Thursday, October 30, 2014

A Dynamic Little Red

Guy & Rodd - #4
     While searching for cartoons, I stumbled upon Guy & Rodd's depiction of the common "Little Red Riding Hood" theme that Red is portrayed as an innocent and naive young girl.  On the contrary, this social cartoon works to challenge that of the original Grimm's tale in that Red actually acts on her suspicions.  In the Grimm version, she approaches and holds a conversation with the wolf in the forest because she doesn't know any other way.  After the wolf distracts Red by encouraging her to pick some flowers to take with to her sick grandmother, he runs ahead, swallows the grandmother whole, and then impersonates her.  When she arrives at her grandmother's house, Red enters apprehensively, noting an unusually strange feeling.  However, she squashes these emotions, and continues to her grandmother's bed.  Here, Red finds a version of her grandmother with bigger ears, larger hands, and a huge mouth.  Even though she asks the "grandmother" about the increase in size of the aforementioned body parts, Red does not act on her doubts and no sooner suffers the same fate as that of her grandmother.
     The text of this cartoon most definitely highlights Red's suspicions when it comes to the wolf's impersonation of her grandmother, but it also reveals her to be more of a clever girl.  Her naiveté is rather nonexistent in this interpretation because she points out that it is clear the wolf is just that, a wolf.  By following that with the personal reflection where she states, "I'm not an imbecile", this cartoon is almost poking fun at the Brothers Grimm for creating such a character that was blind to what was right in front of her.  By using such a strong word as "imbecile", Guy & Rodd express their opinion that Red was a stupid young girl who most definitely should have noticed that it was not really her grandmother lying in the bed.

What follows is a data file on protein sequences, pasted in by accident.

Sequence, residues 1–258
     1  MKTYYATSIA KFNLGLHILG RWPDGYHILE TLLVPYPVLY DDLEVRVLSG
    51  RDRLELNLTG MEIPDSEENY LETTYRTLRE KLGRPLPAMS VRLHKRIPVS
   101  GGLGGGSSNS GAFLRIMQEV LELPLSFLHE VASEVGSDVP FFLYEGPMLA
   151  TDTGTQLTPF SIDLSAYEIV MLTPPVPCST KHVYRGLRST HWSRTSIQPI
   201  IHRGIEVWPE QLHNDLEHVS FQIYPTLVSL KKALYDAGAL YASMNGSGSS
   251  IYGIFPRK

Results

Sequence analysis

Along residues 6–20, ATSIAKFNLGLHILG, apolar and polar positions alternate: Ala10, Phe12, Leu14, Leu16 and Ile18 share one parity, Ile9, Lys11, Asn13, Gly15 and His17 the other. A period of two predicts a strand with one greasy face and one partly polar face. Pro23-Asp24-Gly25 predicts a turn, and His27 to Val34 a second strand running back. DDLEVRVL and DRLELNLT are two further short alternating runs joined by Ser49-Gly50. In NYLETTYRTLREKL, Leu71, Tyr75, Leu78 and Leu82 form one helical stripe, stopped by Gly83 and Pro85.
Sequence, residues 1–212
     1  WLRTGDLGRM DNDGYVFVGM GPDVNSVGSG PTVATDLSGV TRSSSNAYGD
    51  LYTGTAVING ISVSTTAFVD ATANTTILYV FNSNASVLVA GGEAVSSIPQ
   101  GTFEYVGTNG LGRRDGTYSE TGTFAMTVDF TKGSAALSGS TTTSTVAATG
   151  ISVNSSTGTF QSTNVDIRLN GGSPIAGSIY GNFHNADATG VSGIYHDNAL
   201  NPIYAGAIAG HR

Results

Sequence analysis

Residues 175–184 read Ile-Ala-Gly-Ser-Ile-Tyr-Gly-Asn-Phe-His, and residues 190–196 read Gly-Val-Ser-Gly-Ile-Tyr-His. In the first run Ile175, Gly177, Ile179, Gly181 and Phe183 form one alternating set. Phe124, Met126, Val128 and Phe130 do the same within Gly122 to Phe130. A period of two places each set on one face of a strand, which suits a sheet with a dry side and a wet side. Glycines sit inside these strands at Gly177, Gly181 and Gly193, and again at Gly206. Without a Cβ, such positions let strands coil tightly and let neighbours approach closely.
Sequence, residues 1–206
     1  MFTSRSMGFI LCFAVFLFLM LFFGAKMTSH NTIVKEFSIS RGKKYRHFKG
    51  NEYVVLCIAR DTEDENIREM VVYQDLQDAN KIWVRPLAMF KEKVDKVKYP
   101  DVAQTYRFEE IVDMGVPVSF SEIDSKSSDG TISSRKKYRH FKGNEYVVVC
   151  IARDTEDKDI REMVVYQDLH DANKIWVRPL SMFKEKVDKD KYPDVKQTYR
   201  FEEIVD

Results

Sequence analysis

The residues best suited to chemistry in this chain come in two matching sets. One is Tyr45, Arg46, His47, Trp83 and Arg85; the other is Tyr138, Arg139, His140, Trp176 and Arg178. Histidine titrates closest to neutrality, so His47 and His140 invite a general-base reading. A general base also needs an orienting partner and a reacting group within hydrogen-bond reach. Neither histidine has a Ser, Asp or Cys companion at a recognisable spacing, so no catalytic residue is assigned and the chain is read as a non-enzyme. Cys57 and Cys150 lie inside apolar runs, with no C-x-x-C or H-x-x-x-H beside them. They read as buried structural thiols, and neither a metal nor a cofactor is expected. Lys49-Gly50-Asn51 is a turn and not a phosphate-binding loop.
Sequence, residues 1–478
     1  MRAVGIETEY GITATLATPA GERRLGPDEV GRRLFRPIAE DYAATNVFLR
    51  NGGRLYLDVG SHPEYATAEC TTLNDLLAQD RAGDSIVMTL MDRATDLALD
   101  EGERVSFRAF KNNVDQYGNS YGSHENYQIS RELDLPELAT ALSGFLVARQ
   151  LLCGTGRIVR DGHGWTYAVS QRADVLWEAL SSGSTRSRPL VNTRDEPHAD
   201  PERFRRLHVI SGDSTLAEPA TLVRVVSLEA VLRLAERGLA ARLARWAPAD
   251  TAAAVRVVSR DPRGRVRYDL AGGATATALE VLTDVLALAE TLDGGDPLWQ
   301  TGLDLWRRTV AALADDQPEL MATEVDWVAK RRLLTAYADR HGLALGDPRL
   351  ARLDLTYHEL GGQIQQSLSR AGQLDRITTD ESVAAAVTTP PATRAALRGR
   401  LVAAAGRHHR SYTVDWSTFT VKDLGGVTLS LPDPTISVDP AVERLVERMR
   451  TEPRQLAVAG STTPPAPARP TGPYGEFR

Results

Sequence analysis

I understand that when it comes to fairy tales, events within the story must take place in order to keep the plot moving and ultimately come to the author's desired conclusion in the end.  However, this point sometimes makes it difficult to sit back as the reader and watch a young girl just ignore the blatant signs that a hungry wolf is doing his best to try and eat her.  For these reasons, I like this particular cartoon very much because it changes Red from a immature, passive character to a more intelligent, active female character.  

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